Minority women receive less social support post-cancer than other races
Using data from the 2005 Health Information National Trends Survey, a research team, led by Jennifer Jabson, MPH, PhD, a postdoctoral research fellow in the department of community health sciences at Boston University, obtained information on 577 randomly recruited female cancer survivors, of which 75 were ethnic minority cancer survivors.
Researchers reported that 99% of white cancer survivors reported having a friend or family member as social support compared with 86% of nonwhite female cancer survivors.
In addition, when researchers examined participants' physical activity, they found that 78% of white female cancer survivors and 75% of nonwhite female cancer survivors reported some moderate-intensity physical activity. “A preponderance of literature has focused on the relative lack of physical activity among many groups, and knowing of the multiple benefits of physical activity, we were encouraged to find women reporting physical activity,” said Dr. Jabson.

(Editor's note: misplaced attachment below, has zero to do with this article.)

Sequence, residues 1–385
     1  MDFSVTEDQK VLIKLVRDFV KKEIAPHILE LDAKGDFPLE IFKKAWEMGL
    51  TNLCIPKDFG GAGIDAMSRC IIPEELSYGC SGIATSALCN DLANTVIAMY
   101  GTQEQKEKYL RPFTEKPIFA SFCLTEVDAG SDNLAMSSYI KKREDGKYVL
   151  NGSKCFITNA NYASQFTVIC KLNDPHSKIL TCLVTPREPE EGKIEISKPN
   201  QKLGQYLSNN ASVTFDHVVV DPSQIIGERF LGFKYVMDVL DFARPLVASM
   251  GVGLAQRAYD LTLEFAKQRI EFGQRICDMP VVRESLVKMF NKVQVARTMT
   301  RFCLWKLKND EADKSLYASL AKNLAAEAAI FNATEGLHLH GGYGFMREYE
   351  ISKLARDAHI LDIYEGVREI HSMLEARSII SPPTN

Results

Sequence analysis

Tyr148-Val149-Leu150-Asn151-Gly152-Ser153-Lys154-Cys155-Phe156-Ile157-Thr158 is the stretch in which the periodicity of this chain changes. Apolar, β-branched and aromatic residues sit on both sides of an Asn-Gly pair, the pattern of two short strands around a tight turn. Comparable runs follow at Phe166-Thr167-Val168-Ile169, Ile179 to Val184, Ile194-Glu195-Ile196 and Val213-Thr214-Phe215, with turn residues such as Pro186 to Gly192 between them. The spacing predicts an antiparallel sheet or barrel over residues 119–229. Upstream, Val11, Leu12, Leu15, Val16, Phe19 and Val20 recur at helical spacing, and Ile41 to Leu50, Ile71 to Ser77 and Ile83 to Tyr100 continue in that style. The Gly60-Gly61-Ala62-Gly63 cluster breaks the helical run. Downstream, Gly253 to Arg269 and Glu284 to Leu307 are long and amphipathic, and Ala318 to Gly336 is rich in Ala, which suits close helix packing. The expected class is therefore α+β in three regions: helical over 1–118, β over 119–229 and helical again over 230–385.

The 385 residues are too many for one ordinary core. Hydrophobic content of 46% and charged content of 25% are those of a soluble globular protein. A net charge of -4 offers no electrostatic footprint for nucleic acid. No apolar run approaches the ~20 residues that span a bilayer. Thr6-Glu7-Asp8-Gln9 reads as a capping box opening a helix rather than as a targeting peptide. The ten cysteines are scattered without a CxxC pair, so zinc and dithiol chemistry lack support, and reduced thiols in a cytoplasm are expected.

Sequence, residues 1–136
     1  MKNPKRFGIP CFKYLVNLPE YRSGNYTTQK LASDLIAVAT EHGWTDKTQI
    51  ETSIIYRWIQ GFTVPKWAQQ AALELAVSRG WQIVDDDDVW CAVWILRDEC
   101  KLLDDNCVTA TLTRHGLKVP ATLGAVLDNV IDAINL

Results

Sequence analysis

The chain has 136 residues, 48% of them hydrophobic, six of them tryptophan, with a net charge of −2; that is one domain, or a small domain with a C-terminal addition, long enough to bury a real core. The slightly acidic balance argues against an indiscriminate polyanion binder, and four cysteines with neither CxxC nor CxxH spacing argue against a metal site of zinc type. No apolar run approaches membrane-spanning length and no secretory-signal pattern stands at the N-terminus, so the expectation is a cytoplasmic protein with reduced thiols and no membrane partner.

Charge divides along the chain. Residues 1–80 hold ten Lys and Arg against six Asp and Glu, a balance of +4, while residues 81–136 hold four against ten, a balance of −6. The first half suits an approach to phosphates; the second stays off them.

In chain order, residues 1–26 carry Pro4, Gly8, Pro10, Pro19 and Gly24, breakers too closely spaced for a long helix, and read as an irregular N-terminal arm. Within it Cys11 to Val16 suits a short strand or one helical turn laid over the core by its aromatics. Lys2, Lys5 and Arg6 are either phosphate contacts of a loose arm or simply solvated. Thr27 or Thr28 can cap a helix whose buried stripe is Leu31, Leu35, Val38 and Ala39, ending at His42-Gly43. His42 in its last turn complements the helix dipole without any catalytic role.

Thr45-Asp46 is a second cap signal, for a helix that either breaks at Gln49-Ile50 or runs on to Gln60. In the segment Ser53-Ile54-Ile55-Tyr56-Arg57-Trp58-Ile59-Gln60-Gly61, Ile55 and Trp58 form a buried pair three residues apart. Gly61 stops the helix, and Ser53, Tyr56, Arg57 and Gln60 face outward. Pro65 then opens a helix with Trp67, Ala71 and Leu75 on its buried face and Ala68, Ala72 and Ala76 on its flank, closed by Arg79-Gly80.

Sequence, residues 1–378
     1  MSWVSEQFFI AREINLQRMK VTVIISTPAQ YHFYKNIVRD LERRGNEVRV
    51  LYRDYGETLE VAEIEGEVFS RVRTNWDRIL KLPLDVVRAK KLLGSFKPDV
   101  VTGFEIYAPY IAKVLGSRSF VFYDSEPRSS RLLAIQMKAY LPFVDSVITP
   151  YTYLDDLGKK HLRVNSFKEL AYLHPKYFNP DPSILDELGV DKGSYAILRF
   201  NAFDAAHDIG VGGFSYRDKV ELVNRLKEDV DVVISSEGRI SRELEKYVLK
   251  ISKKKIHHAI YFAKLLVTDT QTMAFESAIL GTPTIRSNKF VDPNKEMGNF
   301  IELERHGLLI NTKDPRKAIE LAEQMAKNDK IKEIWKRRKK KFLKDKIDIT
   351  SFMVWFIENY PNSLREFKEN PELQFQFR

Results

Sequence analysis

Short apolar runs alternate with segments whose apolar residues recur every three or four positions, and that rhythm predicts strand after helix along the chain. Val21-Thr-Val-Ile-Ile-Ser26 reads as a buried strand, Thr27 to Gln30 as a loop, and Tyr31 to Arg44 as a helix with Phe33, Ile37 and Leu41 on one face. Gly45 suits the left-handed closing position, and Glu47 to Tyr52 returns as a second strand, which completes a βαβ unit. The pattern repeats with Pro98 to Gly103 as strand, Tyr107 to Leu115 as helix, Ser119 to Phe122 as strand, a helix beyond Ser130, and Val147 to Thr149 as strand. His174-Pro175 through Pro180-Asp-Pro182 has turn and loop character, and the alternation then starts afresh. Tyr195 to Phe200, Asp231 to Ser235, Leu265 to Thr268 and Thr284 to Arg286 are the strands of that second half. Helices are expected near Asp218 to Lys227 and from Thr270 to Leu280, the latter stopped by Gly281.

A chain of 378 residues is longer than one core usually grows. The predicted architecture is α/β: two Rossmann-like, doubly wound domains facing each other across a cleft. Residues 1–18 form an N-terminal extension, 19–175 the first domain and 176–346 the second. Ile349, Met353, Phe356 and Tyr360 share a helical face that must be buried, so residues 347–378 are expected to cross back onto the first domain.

According to Dr. Jabson, future research should examine the role of physical activity, social support, and other reinforcing factors that may influence nonwhite women to participate more or less than other cancer survivors.
“We need to continue our work to better understand the complexities of cancer survivorship for women of color in an effort to maximize on the opportunity for positive cancer survivorship,” Dr. Jabson concluded.